• [0005]
    By way of context, vehicle indication signal systems typically include turn, hazard, and brake “signal” lights to alert nearby drivers of the circumstances of the vehicle from which they are displayed. The varying use of the term “signal” in this industry is clear from the context, it can mean the visible light actually alerting drivers, or a transmitted electrical pulse that causes that emission of light. Also, running lights are typically an extra filament inside a light-bulb of either a brake light or turn signal light, but could be separate light bulbs. And, on larger vehicles such as transport trucks and their trailers, running lights include marker and clearance lighting. None of the prior art identified to date has addressed such additional lighting requirements wirelessly.
  • [0006]
    Prior art in the vehicle indicator signal lighting industry has concentrated on teaching variations on controlling devices that are physically connected to an existing wiring harness, which requires tools to access and knowledge to use. Therefore, it is desirable to have a way to reliably control remote indicator signals without connecting to any vehicle wiring harness.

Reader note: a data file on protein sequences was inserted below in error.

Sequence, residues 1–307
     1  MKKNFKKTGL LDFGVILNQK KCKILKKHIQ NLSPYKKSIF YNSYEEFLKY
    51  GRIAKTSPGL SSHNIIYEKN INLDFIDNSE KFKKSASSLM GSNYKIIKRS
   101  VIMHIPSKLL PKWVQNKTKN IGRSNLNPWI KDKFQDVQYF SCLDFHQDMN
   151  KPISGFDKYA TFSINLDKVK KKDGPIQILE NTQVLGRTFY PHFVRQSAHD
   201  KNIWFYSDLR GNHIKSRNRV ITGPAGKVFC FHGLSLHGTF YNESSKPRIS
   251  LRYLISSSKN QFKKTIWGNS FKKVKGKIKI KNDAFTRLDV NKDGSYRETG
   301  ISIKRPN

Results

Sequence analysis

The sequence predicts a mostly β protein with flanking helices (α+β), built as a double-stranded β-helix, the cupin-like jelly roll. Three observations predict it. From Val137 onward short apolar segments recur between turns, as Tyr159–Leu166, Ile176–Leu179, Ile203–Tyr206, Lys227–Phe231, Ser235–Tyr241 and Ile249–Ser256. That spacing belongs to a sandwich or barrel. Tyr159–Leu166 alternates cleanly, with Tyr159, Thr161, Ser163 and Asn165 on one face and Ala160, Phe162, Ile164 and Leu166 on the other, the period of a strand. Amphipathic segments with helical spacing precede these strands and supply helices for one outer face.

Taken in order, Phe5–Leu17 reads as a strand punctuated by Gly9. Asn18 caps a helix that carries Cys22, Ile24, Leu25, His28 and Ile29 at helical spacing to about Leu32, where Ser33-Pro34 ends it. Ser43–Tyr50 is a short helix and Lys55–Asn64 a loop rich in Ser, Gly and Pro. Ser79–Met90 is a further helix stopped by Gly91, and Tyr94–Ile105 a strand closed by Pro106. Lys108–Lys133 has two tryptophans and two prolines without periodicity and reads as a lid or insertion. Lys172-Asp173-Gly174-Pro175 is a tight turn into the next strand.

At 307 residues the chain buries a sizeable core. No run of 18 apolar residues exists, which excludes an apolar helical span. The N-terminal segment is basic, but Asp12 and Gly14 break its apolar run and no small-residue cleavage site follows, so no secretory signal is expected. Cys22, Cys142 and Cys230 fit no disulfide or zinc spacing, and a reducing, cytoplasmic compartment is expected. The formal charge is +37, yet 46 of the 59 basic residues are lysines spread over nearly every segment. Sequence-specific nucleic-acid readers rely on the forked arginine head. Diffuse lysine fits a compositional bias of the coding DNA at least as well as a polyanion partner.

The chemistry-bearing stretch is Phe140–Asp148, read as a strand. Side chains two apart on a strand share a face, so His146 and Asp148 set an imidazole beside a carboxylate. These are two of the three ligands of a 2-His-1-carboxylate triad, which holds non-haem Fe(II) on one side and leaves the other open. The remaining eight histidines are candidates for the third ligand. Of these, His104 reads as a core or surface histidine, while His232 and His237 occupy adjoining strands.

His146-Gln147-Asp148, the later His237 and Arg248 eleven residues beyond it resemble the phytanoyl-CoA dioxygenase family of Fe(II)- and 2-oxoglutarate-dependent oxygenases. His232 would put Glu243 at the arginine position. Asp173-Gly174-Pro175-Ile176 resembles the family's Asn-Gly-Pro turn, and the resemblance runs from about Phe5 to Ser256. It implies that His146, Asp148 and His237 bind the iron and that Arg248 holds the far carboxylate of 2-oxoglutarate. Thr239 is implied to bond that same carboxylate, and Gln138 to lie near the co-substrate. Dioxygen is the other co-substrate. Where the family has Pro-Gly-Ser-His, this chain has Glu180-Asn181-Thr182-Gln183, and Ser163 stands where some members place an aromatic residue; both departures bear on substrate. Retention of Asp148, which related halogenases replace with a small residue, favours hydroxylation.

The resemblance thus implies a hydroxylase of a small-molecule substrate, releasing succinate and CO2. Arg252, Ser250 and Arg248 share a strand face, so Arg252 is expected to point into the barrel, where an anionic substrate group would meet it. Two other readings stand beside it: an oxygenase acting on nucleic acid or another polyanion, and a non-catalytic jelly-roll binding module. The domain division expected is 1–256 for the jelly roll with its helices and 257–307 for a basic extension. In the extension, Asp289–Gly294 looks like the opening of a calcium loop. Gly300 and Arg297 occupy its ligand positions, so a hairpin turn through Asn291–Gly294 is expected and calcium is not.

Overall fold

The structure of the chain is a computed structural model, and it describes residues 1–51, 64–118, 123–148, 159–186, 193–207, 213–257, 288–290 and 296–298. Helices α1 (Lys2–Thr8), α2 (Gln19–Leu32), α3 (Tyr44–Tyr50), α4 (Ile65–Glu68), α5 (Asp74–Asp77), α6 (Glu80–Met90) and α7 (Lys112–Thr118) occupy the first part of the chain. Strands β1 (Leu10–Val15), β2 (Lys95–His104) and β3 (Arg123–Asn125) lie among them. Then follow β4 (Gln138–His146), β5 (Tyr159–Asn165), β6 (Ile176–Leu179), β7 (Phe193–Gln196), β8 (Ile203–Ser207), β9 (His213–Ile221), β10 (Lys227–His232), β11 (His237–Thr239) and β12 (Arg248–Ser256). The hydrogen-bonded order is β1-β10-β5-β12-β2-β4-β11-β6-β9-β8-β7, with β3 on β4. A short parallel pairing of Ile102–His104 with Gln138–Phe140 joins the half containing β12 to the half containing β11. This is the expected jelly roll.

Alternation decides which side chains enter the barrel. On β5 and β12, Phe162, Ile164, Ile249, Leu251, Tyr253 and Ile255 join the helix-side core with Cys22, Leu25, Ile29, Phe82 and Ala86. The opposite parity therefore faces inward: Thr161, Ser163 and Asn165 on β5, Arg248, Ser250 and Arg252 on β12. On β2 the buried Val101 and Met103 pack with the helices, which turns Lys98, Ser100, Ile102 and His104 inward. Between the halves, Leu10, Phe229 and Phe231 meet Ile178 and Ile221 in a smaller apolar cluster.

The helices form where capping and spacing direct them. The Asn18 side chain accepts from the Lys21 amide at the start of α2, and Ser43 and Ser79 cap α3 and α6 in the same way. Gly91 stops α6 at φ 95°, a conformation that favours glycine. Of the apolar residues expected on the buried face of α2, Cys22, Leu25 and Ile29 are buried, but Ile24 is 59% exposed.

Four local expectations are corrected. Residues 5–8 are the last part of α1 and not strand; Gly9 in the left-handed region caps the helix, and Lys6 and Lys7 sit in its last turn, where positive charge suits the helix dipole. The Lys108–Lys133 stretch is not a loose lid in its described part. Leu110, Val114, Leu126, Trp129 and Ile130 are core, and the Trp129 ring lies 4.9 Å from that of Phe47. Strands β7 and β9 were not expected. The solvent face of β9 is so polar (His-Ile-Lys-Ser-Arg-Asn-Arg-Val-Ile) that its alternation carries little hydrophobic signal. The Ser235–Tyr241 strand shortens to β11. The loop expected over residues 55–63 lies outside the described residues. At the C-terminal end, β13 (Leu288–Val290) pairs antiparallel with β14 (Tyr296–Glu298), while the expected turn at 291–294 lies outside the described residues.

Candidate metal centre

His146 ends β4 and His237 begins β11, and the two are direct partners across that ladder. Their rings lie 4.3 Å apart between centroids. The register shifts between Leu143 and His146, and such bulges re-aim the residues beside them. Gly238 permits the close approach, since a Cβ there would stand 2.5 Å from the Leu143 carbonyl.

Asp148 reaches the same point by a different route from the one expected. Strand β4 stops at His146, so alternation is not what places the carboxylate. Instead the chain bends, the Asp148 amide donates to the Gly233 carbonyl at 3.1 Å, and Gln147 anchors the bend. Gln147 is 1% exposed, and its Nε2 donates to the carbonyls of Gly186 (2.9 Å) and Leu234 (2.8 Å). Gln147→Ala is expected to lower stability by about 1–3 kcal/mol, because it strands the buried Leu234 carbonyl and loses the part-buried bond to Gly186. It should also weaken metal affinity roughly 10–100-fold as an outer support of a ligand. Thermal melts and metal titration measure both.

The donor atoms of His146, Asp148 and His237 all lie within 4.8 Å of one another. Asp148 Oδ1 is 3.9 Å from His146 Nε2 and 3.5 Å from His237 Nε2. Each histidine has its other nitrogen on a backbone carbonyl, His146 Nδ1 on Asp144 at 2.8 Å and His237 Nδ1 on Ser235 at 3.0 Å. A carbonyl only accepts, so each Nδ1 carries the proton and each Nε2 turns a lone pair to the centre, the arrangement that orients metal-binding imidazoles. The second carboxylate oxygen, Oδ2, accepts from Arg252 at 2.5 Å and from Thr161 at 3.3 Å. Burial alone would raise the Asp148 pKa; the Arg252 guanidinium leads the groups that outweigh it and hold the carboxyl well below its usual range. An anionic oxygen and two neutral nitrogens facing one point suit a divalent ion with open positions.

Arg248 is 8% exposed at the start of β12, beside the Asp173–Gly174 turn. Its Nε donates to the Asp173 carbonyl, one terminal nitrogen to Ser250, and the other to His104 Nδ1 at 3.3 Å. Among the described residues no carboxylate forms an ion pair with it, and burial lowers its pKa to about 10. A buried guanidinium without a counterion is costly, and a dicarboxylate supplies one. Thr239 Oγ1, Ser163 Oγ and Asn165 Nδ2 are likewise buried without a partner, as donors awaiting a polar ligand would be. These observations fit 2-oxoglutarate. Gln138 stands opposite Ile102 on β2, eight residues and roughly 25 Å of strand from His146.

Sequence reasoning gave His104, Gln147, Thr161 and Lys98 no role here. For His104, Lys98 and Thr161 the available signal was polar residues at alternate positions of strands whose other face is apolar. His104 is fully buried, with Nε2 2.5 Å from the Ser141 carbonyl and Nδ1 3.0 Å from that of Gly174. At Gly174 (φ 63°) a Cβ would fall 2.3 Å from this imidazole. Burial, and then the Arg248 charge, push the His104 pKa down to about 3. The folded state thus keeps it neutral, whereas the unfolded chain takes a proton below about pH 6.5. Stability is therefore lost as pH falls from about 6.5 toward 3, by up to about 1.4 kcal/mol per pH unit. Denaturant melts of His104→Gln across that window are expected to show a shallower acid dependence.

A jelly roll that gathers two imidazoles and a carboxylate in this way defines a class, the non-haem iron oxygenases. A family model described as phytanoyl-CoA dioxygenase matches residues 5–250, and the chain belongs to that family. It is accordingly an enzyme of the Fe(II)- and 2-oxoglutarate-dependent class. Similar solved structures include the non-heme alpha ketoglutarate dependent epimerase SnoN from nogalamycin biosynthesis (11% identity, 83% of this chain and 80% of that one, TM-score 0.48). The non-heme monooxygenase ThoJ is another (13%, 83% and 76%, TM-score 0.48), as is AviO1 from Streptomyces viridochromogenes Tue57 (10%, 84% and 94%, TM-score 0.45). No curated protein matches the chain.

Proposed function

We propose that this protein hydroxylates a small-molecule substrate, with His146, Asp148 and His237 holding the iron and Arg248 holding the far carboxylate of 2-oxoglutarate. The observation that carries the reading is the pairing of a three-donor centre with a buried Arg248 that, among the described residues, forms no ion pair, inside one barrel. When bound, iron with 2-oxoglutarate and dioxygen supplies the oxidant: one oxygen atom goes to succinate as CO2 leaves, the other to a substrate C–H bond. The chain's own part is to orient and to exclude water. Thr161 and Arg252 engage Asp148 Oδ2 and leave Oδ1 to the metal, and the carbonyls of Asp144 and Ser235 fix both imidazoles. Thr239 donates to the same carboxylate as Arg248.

• SUMMARY OF THE INVENTION
  • [0007]
    The apparatus and system of the present invention advantageously permit an unskilled user, without invasive installation techniques, to quickly setup and reliably use an existing vehicle indicator signaling system to wirelessly activate a second indicator signaling system coupled to one or more trailing vehicles. An electronic system is described for controlling vehicle message lighting (including turn and stop indicator signal lights), which system need not connect to any wire in the towing vehicle and in fact does not require any pre-existing wiring harness in either a towing vehicle or any towed vehicle to be in serviceable condition. Installing the apparatus in a towing vehicle, requires no parts to be removed from that vehicle and no wires or other components of that vehicle to be located, identified, or tapped into. Consequently, the apparatus of the present invention is suitable for installation by anyone and can easily be moved between towing vehicles by an unskilled user. Once positioned in a towing vehicle, setup of the apparatus requires no more skill than is needed to preset the channels on a modern car radio.